Cameron LNG considers its employees to be key stakeholders and its most valued asset. “Ensuring a work environment that embodies the seven tenets of the company’s Culture Wheel is the way we attract and retain the best talent, while motivating and developing a high-performing, diverse workforce. Ours is a work environment built on a foundation of integrity at all levels and in all actions, with our behaviors in line with the tenets of the Culture Wheel,” says a company spokesperson.
The future of LNG is bright. The safety record of transporting LNG is exemplary. Additionally, it is an odorless, non-toxic, non-corrosive liquid and leaves no residue after it evaporates. LNG will not ignite until it becomes a vapor and, even then, the vapor will not ignite until it mixes with air and becomes extremely diluted. LNG is safely transported by sea because every precaution is taken to mitigate the possibility of a release. If that were to happen, vaporizing LNG is not soluble in water and any liquid released on land or in the ocean would quickly evaporate. There is zero possibility for land or water contamination – truly an incredible product and one that should appeal to environmentalists.
Given the location of the LNG facilities, preservation of the ecosystems and wildlife of the surrounding areas are considered with the highest regard. Cameron LNG worked with the community to find ways to help the wetlands thrive, create more habitats for native species, improve fisheries and provide better birding. In collaboration with Ducks Unlimited, Cameron LNG also restored an additional 900 acres of eroded marshland in a neighboring lake. Terraces of vegetation added to Black Lake helped reduce wave action, created waterfowl habitats, and improved water clarity.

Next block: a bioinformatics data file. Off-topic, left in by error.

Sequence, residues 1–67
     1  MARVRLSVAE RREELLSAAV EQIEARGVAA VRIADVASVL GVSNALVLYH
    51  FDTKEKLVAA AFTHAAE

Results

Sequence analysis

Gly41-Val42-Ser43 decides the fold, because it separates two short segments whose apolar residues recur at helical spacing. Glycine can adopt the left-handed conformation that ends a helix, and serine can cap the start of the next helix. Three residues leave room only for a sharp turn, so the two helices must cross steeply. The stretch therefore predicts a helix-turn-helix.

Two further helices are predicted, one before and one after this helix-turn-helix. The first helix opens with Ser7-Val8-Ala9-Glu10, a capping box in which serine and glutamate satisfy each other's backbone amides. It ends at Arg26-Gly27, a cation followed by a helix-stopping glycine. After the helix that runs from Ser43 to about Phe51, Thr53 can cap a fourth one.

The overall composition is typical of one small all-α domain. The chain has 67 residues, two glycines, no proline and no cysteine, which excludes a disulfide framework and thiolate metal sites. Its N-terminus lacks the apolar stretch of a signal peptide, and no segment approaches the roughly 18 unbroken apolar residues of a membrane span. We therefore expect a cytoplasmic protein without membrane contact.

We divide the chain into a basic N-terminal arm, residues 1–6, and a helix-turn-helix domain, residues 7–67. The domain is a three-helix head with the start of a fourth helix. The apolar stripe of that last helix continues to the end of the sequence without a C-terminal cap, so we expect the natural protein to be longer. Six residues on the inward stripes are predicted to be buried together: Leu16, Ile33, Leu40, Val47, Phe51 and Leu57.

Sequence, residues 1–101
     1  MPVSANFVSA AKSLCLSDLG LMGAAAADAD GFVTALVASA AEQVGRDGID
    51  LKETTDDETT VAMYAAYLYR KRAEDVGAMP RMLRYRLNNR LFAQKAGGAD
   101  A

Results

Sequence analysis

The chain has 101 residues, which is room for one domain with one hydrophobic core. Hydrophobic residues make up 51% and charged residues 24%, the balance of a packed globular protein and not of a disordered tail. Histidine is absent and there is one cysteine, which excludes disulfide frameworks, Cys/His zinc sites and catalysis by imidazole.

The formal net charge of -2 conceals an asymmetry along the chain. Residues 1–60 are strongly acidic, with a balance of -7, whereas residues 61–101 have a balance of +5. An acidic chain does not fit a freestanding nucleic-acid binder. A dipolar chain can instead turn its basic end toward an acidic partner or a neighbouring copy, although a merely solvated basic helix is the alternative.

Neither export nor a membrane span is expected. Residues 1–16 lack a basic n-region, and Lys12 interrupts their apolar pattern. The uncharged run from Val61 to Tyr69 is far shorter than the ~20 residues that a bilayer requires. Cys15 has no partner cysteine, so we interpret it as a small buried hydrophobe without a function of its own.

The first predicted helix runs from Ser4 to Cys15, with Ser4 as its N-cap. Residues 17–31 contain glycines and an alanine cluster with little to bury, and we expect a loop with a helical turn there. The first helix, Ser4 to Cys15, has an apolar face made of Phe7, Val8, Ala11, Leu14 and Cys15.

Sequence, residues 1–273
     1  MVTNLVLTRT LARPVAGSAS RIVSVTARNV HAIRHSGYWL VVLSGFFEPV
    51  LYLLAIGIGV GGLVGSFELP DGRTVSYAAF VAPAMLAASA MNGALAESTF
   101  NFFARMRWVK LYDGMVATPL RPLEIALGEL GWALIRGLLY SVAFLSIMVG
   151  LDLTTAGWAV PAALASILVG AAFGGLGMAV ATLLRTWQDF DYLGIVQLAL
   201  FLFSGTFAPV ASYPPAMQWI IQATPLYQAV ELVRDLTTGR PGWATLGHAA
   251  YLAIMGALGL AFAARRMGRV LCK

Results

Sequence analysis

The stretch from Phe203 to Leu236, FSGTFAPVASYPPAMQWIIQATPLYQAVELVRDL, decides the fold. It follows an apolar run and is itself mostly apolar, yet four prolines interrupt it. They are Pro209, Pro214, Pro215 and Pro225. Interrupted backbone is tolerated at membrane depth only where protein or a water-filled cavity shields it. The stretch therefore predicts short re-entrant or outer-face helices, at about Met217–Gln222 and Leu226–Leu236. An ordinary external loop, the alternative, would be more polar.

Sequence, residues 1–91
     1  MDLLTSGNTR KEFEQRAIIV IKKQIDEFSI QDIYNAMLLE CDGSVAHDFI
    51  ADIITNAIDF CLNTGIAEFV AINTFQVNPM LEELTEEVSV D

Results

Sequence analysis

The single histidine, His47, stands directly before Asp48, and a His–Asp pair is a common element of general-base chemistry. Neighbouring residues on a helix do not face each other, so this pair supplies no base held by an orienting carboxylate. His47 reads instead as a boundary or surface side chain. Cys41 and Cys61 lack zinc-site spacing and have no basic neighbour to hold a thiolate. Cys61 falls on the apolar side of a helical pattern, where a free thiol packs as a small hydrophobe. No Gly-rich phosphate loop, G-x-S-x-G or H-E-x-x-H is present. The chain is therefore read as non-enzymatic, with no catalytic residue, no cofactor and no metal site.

According to the U.S. Energy Information Administration (EIA), the United States was a net exporter of LNG in 2017 through 2020, meaning exports were greater than imports. This is largely due to increases in U.S. natural gas production, declines in natural gas imports by pipeline as well as LNG, and increases in LNG export terminal capacity. LNG exports are expected to increase in coming years as new capacity comes online.
Liquified natural gas is headed in the direction of a promising future. With diligence and integrity, Cameron LNG, and other facilities along the coast, have succeeded in producing and shipping liquified natural gas across the globe. Their operations are run safely and efficiently, without compromising the relationship and landscape of the communities around them.
Headline photo: Cameron LNG liquefaction terminal in Hackberry, Louisiana.
Photos courtesy of Cameron LNG.
Sarah Skinner is a graduate of Louisiana State University with a degree in English. She has been a technical writer and editor in the oil and gas industry for over ten years in Houston and in Louisiana. She currently works as a technical writer for a pre-cast concrete construction company in Louisiana that builds blast-proof buildings for petrochemical plants.
Oil and gas operations are commonly found in remote locations far from company headquarters. Now, it's possible to monitor pump operations, collate and analyze seismic data, and track employees around the world from almost anywhere. Whether employees are in the office or in the field, the internet and related applications enable a greater multidirectional flow of information – and control – than ever before.